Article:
5½ Reasons to Ditch Spreadsheets for Data Science: Code is Poetry

December 10, 2018
By

(This article was first published on The Devil is in the Data – The Lucid Manager, and kindly contributed to R-bloggers)

The post 5½ Reasons to Ditch Spreadsheets for Data Science: Code is Poetry appeared first on The Lucid Manager.

When I studied civil engineering some decades ago, we solved all our computing problems by writing code. Writing in BASIC or PASCAL, I could quickly perform fundamental engineering analysis, such as reinforced concrete beams, with my home-brew software library. Soon after I started my career, spreadsheets became widely available, and I fully embraced this fantastic business tool, first Lotus 123 and later grudgingly moved to MS Excel.

Screendump of Atari BASIC program to estimate concrete reinforcement surface area.
Screendump of Atari BASIC program (in Dutch) to estimate concrete reinforcement surface area.

Spreadsheets were excellent in those early days because data, code, visualisations and tabular output are all stored in one convenient file. Creating graphs with computer code was a bit of a nightmare in those days, so spreadsheets were a minor miracle. The next twenty years, I must have created thousands of spreadsheets of varying complexity. I even developed a ‘jungle’ of interlinked spreadsheets to manage progress reporting.

In the pioneering days of spreadsheets, they provided enormous convenience for engineers and other professionals to quickly develop analytical tools. But after using this tool for a few years, cracks started to appear.

Spreadsheets are Chaos

Throughout my career, I had many nightmarish experiences trying to reverse engineer spreadsheets, even the ones I wrote myself. The combination of data, code and output that I loved at the start of my career was reaching its limits.

Spreadsheets use incomprehensible names for variables (

AZ346

,

XC89

and so on) and the formulas are impossible to read because all code is cramped on one line with deeply nested logic. The multiple parentheses make Excel formulas are even harder to read than LISP expressions. Furthermore, spreadsheets hide the formulas behind the results, which renders spreadsheets notoriously hard to understand.

My love affair with the spreadsheet came to an end when I started writing my dissertation about customer service for water utilities. Excel was incapable of helping me with the complex machine learning I needed to draw my conclusions. A colleague suggested I look into this new thing called ‘Data Science’ and this advice changed my career.

Code is Poetry

I decided to learn how to write code in the R language for statistical analysis. The R language is like a Swiss army chainsaw for engineers with capabilities that far exceed anything a spreadsheet can do.

Writing in code, such as R or Python, is like writing an instruction manual on how to analyse data. Anyone who understands the language will be able to know how you derived your conclusions. Modern data science languages can generate print-quality visualisations and can output results in many formats, including a spreadsheet.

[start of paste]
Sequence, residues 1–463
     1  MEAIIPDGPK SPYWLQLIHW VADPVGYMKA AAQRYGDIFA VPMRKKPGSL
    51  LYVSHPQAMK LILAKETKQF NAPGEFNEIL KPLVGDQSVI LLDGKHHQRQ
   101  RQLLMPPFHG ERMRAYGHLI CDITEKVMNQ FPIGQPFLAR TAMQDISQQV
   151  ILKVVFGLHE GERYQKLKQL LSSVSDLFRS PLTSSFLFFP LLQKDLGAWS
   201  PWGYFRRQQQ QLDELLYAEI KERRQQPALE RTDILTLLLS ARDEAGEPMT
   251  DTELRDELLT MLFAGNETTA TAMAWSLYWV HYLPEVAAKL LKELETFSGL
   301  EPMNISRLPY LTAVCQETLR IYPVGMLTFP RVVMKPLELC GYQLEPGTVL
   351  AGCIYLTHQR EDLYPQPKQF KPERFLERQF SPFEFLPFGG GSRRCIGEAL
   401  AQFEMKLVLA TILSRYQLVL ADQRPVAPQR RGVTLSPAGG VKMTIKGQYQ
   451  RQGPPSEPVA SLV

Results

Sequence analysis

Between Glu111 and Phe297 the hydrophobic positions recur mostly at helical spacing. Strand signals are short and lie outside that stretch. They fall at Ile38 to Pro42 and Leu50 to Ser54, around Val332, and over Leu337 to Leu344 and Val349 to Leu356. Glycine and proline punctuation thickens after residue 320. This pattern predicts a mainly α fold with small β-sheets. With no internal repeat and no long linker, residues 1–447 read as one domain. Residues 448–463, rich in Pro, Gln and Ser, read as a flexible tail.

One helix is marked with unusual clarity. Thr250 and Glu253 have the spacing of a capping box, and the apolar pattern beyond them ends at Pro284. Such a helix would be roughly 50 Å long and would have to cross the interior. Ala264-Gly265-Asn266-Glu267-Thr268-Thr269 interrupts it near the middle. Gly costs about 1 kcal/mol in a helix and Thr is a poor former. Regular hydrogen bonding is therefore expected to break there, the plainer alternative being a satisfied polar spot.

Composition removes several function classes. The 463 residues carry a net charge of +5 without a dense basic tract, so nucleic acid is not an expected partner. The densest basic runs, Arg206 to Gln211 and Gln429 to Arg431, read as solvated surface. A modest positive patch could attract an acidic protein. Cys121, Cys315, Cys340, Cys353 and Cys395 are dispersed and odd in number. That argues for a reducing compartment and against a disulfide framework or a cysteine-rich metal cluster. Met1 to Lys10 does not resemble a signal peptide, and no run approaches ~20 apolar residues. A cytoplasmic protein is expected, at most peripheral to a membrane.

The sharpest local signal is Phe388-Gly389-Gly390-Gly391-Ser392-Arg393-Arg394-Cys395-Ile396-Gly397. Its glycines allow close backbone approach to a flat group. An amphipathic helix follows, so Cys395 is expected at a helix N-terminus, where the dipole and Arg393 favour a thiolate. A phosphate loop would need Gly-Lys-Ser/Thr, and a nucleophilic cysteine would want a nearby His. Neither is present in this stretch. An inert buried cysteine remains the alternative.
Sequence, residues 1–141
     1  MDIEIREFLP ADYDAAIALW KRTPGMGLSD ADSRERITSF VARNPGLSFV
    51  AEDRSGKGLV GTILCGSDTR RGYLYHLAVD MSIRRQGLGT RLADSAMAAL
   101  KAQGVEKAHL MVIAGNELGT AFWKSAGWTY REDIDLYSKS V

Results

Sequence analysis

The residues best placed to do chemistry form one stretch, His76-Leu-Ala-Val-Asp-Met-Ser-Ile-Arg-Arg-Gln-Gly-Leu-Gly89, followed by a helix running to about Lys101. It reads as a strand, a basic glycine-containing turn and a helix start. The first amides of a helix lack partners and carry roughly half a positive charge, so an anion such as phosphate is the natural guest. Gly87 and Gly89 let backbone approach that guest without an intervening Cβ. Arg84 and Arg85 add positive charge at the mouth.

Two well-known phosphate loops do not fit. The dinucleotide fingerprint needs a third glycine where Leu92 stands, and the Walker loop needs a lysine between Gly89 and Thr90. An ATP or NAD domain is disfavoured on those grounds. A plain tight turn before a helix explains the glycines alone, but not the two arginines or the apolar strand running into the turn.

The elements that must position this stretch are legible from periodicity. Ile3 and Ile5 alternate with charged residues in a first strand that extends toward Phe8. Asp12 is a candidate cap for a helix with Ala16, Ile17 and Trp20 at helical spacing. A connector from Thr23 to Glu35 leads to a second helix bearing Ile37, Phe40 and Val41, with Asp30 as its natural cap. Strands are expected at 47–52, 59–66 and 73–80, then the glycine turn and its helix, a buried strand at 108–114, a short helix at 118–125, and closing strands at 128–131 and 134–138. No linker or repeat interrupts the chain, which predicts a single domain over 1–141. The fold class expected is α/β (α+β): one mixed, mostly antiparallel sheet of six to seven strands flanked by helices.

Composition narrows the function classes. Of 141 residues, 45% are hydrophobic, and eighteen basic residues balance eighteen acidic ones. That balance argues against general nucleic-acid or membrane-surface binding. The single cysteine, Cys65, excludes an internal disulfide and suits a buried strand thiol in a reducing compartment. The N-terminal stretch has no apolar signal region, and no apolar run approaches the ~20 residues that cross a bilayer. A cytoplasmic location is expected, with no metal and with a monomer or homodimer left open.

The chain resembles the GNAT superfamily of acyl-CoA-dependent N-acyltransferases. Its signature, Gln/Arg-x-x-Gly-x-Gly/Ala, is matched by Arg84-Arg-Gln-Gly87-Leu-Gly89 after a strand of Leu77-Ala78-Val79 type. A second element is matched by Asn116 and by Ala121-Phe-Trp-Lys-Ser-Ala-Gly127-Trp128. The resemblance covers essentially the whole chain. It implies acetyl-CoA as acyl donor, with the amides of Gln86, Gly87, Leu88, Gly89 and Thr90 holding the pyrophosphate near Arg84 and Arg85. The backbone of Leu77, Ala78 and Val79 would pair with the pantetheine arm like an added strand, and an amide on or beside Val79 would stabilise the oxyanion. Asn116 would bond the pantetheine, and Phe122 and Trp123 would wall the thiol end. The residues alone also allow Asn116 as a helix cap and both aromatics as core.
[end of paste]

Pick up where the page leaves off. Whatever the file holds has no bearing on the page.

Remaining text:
In my job as a data science manager for a water utility I use R code for everything. The awesome power of being able to easily combine large data sets, visualise data and undertake complex analysis.

Now that I have rediscovered the poetry of writing computer code, I advocate learning to use R or perhaps Python and ditch the spreadsheet. On my data science blog, I share examples of creating value and having fun with the R language. The only purpose I still have for spreadsheets is an interface for small data sets.

Geographic Bubble Chart: Visualising Water Consumption in Vietnam.
Geographic Bubble Chart: Visualising Water Consumption in Vietnam.

5½ Reasons to Ditch the Spreadsheet

If you are still using spreadsheets, or you are trying to convince a colleague to ditch this tool, here are 5½ reasons to start using code to analyse data:

  1. Good analysis is reproducible and can be peer-reviewed. Spreadsheets are hard to understand because of non-sequential references. Computer code is like an instruction book that can be read step-by-step.
  2. Spreadsheet variables are hard to understand (e.g.
    ZX81:ZX99

    ). In computer code, you give them meaningful names (e.g.

    sales[81:99]

    ).

  3. Best practice in data management is to separate data, code and output. In spreadsheets, it is not immediately clear which cell is the result of another cell and which ones are raw data. Computer code separates the data from the code and the output.
  4. You can only share spreadsheet output with people who have access to the relevant software package. Computer code can produce output in multiple formats, such as HTML, PDF or even Excel, including interactive dashboards you can publish on the web.
  5. Functionality in spreadsheets is limited to what is made available by Microsoft. The R and Python languages are extendable and have extensive libraries to solve complex problems.

The bonus reason to ditch the spreadsheet is that the best data science software, such as R and Python, is Open Source and freely available on the web. No license fees and it comes with terrific community support.

Feel free to leave a comment if you like to defend the spreadsheet. If you have additional reasons to ditch this venerable but largely obsolete tool.

Subscribe to this monthly blog if you are interested in using the R language for practical data science and some fun.

The post 5½ Reasons to Ditch Spreadsheets for Data Science: Code is Poetry appeared first on The Lucid Manager.

To leave a comment for the author, please follow the link and comment on their blog: The Devil is in the Data – The Lucid Manager.

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